Stropping is the last but not the least important step in the sharpening process of any blade. But which side of the strop provides the best finish- the smooth leather or the suede side? Many people are unsure of which side of the leather strop should be used to polish the blade.
The answer is that straight razors are typically stropped on the smooth side of the leather, while knives and larger blades are usually stropped with the suede side to round the bevel of the blade.
As a sharpener, why would the type of leather matter you strop a blade with? Isn’t a blade just a blade? Let’s take a more in depth look at the stropping process and why the type of leather used is so important.
Knife experts promote stropping as the best way to sharpen and maintain a knife. With the right strop and skilled technique, knife owners will keep their knives sharp and always ready to use.
A strop is used as the final step in preparing a blade for use after it has been sharpened. To the human eye, blades appear to be smooth. But there’s more to meet the eye.
If you were to view the blade under a microscope, you'd see that it has thousands of little "teeth." When used regularly over time, those little teeth start to bend out of alignment, causing the knife to dull.
This is where stropping comes in. Stropping does not sharpen the blade, but it does refine it by bending the little “teeth” back into alignment. This is done by running the blade over a smooth, porous surface.
Stropping your blade after sharpening it will prolong the life of your blade. The best surface for stropping is leather. When stropping a straight razor, the smooth side of the leather strop is most effective, and the suede is best for larger blades such as a carving knife.
Typically, straight razors are stropped with the smooth- or plain leather side of the strop. This smoother leather provides a softer surface for stropping. The grain of the surface is perfect for gently polishing the low angle edges on straight razors.
The smooth leather helps to create a finely sharpened blade by gently resetting the microscopic teeth on the blade into place.
To strop your razor to refine the sharpness of its blade, take the following steps:
Do not put too much pressure on the blade, or you will cut the strop. Also, the back of the blade should maintain contact with the strop.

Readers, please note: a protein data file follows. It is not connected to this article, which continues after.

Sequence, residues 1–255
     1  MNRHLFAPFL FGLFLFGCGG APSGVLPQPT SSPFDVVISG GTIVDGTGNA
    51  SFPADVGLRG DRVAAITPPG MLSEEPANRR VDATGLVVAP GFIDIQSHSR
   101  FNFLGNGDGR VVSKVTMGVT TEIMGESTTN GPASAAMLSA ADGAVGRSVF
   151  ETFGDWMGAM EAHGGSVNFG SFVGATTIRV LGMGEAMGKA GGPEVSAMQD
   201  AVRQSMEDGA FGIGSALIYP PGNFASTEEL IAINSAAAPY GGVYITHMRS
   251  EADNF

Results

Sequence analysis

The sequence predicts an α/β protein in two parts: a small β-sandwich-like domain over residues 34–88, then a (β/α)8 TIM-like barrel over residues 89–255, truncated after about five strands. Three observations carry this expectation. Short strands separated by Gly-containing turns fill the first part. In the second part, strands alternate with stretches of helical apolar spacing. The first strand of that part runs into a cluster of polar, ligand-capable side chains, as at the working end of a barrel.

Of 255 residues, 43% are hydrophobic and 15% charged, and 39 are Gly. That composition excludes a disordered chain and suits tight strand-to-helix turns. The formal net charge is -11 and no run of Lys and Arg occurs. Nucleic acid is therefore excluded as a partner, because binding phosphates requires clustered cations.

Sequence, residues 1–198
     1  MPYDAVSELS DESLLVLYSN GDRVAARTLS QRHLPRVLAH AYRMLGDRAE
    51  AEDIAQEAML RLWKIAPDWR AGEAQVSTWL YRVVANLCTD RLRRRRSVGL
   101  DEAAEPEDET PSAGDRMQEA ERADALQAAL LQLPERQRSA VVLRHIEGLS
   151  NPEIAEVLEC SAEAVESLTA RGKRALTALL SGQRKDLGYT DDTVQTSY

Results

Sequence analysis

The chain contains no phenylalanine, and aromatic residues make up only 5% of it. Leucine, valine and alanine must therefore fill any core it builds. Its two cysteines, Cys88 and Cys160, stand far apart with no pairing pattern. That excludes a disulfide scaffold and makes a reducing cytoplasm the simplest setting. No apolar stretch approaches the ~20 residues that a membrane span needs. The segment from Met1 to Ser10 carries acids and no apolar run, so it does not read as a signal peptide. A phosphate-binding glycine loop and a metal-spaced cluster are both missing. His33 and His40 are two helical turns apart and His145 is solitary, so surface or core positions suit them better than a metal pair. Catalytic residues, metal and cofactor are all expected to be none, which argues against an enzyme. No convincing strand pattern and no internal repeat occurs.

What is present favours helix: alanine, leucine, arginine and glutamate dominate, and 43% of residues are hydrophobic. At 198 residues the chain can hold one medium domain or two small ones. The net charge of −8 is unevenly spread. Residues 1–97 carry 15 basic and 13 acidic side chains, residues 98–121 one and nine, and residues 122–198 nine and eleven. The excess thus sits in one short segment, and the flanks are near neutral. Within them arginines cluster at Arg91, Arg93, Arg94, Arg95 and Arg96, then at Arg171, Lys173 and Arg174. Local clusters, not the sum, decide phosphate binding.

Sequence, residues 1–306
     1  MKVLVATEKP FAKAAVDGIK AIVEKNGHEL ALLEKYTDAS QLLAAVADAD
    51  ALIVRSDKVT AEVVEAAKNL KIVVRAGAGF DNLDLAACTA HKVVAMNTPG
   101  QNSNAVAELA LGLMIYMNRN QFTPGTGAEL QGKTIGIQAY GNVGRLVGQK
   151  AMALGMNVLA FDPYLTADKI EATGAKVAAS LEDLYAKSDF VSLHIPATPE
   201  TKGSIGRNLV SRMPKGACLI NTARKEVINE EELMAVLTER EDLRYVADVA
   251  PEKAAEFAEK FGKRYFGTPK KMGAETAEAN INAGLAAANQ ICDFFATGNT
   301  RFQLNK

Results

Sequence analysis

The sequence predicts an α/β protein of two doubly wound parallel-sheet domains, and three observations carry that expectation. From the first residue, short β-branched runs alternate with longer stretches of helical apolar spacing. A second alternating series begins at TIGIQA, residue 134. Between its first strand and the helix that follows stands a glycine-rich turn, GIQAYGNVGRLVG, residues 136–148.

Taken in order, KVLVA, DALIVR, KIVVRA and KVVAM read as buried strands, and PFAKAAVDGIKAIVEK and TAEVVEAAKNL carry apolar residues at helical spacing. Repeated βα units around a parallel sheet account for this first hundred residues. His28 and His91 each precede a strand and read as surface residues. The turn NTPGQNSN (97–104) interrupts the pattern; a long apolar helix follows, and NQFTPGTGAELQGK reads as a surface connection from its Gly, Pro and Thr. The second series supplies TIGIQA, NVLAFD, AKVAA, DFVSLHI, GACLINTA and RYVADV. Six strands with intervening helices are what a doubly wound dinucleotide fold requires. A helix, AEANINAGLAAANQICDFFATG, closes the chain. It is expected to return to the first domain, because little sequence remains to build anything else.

There are razor strops that come with high quality leather on one side and heavy linen on the other side.
Some razor sharpeners prefer to strop with the linen side first because it cleans the razor blade before the final strop with the leather, further refining the sharpness of the blade.
Whether or not to use a compound with the smooth side of the strop is a matter of personal preference when stropping a straight razor. The smooth leather of the strop can still provide a fine polish and removes any stray burs without adding compound.
Those that elect to use a compound appreciate the even, fine, edge that the compound in conjunction with the smooth leather provides the blade after sharpening. This is achieved by the abrasive particles further pushing the blade teeth back into place.
Often, sharpeners who use the smooth leather side of the strop do not use much, if any compound. The grain size of the leather lends itself to providing an exceptionally fine polish for the blade.
Most carvers and knife sharpeners opt to use the suede side of the strop to polish their blade after sharpening. The soft surface of the suede compresses under the blade to help round the bevel of the blade.
There are some woodworking tools and chisels that get better results from using the smooth side of the leather strop.
The suede side is also a good option if you choose to use a compound to fine tune the stropping process. The nap in the suede absorbs the compound nicely and adds extra grain to the leather.
Some sharpeners prefer the reinforced finish that results from a combination of suede and compound. The difference may be miniscule, but to the perfectionist, even the tiniest details make a difference in the sharpness of the knife.
For the sharpest blade possible:
As soon as your knife doesn’t feel as sharp as it should be, strop it again before it becomes dull. Accidents are more likely to happen with a dull knife, so the sharpness is more than just for best cutting results. It also decreases the chance of cutting yourself.
As with stropping a razor, whether to use compound boils down to personal preference. Using a compound (also known as a loaded strop) is an efficient way to polish the freshly sharpened knife.
The grains in the compound work in conjunction with the suede to push the microscopic teeth in the blades back into alignment. It also helps to remove any extra bits of metal that can’t be realigned.
This combination of coarse grains from both the smooth leather and the compound gives the blade an extra refined and polished finish. However, some sharpeners are satisfied with the results of stropping with the suede alone.
To review, the side of the strop you use will depend on the type of blade that you are sharpening.
After sharpening a razor, stropping with the smooth side of the leather is best for getting the smoothest blade. Stropping regularly will keep the razor nice and sharp and prevent cuts when shaving.
When sharpening a knife with a beveled edge, you will want to use the suede side of the strop. This will help keep the beveled edge nice and round while wiping away any microscopic excess material to keep a nice sharp blade for easy cutting.
Whether or not to use a compound when stropping a razor or other type of blade is really a matter of personal preference. Some sharpeners like the extra finish it gives your newly sharpened blade, while others are satisfied with the leather alone.